Abnormal: Deviating from what is normal or usual, typically in a way that is undesirable. 1 in 5 people have symptoms that hinder their ability to function on a daily basis Abnormal behavior: A psychological dysfunction within an individual that is associated with distress or impairment in functioning and a response that is not typical or culturally expected. All three criteria must be present to count as psychological dysfunction. Psychological dysfunction: Breakdown in cognitive, emotional, or behavioral functioning Personal distress: Difficulty performing appropriate and expected roles Impairment is set in the context of a person’s background Atypical or not culturally expected response Reaction is outside cultural norms Classification of Abnormal Behaviors: Pros: Allows scientists to communicate Often times lets people know they are not alone, and that there may be a solution Cons: Assumes that certain behaviors belong to one category Ethical? The DSM concerns “diagnoses” not “disorders” Psychological Tradition Id: Most basic characteristics and associated with pleasure centers Ego: Mediates Id, conscious Super Ego: Moral ego Behaviorists—believe that everything can be explained by the before and after behaviors Where does psychological dysfunction come from?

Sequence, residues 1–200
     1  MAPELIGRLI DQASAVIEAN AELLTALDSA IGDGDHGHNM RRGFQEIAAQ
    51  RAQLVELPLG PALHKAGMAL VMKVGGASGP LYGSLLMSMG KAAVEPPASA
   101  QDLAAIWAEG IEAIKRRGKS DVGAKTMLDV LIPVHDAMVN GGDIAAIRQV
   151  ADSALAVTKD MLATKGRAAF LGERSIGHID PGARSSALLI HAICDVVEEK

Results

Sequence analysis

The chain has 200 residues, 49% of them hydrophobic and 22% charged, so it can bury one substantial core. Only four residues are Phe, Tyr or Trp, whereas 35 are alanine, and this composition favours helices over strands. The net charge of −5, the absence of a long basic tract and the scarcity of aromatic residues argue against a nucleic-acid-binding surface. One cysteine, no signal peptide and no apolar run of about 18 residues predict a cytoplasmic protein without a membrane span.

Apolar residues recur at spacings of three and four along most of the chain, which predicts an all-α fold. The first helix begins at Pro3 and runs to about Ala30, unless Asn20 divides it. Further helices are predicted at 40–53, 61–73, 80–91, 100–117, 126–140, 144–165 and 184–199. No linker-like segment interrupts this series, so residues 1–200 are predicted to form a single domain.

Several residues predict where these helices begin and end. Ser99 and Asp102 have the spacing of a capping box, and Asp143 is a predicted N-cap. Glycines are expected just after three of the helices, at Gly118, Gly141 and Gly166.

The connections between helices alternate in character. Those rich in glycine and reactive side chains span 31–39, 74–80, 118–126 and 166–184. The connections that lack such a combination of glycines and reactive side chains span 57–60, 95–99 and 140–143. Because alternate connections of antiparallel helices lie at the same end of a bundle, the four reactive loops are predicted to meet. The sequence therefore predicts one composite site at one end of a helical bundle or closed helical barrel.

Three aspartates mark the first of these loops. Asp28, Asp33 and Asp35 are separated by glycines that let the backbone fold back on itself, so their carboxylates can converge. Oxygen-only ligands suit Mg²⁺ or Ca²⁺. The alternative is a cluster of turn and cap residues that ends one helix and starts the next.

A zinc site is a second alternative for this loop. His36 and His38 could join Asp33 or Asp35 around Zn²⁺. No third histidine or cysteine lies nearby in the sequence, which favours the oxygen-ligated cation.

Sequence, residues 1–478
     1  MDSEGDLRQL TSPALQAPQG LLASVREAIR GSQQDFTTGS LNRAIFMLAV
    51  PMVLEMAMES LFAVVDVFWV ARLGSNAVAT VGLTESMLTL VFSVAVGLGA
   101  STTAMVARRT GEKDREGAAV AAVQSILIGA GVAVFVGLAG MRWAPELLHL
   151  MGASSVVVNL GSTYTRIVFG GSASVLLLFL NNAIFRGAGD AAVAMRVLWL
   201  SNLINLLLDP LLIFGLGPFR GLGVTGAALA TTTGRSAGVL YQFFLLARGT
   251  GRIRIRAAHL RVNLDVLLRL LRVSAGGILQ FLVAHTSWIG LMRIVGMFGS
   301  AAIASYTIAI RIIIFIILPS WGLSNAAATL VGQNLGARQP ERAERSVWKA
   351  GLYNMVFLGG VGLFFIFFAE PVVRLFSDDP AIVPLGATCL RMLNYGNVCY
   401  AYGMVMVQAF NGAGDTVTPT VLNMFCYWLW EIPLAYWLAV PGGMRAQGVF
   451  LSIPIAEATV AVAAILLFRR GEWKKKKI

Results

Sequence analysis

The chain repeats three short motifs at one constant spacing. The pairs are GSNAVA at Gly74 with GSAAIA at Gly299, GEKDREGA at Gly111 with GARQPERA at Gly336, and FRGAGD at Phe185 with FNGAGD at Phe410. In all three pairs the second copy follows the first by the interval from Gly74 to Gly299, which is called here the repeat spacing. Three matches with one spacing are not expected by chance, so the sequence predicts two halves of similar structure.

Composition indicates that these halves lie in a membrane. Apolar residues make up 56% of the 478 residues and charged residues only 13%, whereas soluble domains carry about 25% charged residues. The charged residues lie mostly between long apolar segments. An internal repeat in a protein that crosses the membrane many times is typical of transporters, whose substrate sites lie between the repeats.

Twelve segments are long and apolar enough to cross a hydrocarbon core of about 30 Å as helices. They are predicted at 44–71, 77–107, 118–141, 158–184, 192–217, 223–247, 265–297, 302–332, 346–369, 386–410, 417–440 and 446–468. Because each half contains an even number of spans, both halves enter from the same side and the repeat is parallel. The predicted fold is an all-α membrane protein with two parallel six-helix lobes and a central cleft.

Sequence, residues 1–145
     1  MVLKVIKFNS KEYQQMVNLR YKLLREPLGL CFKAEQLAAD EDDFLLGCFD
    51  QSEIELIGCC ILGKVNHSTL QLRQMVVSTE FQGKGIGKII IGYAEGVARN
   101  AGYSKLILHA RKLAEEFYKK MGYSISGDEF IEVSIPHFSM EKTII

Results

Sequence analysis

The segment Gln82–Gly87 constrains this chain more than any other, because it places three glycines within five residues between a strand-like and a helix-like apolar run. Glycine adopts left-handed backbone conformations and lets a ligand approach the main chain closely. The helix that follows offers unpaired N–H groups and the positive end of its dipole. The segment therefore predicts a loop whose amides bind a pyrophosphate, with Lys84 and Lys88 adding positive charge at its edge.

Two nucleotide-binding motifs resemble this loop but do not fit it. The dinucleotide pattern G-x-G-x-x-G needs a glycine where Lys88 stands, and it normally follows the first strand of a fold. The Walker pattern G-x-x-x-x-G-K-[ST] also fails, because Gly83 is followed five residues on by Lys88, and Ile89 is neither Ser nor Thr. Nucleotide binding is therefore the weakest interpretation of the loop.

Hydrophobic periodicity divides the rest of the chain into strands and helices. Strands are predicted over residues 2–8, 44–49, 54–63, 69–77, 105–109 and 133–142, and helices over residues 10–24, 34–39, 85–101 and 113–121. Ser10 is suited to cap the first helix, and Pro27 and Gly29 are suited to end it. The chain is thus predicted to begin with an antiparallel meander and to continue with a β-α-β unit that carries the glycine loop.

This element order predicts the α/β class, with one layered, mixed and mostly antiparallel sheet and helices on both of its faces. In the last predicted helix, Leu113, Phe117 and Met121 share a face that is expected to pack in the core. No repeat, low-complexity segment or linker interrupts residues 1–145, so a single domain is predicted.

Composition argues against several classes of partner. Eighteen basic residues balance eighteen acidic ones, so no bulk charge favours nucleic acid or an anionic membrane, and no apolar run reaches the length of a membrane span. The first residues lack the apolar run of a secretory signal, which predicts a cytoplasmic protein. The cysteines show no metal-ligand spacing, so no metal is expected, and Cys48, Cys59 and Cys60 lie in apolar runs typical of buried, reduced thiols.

Biological Influences Development of social/emotional competence, brain maturation, puberty Genetics Heredity: The process by which characteristics are moved from one generation to the next. (a) Genes are how these characteristics are transported. Code of the gene (b) Phenotype is the result of the gene. Physiology: Alcohol metabolism, craving, reward, tolerance, withdrawal Behavior: Personality/temperament, internalizing/externalizing Reciprocal-gene environment Environments are inheritable because genotype influence the behaviors that evoke, select, and modify features of the environment Passive-genotype correlation: Association between the genotype a child inherits from his or her parents, and the environment in which the child is raised Evocative-genotype correlation: Association between an individual’s genetically influenced behavior and other’s reactions to that behavior Active-genotype correlation: Association between an individual’s genetic propensities and the environmental niches that individual selects Emotions: a particular kind of subjective feeling aroused by objective events (real or imagined) that have high significance to the individual. Feeling or subjective experience = Cognitive component Pattern of physiological arousal = Visceral/Organs Pattern of overt expression/emotional expression = Behavior Brain Areas Frontal cortex allows us to control out conscious reactions to emotional events Regulates the limbic system Amygdala—Anger/threat assessment (i.e. fear) Hippocampus—Memory Hypothalamus—Regulates body function
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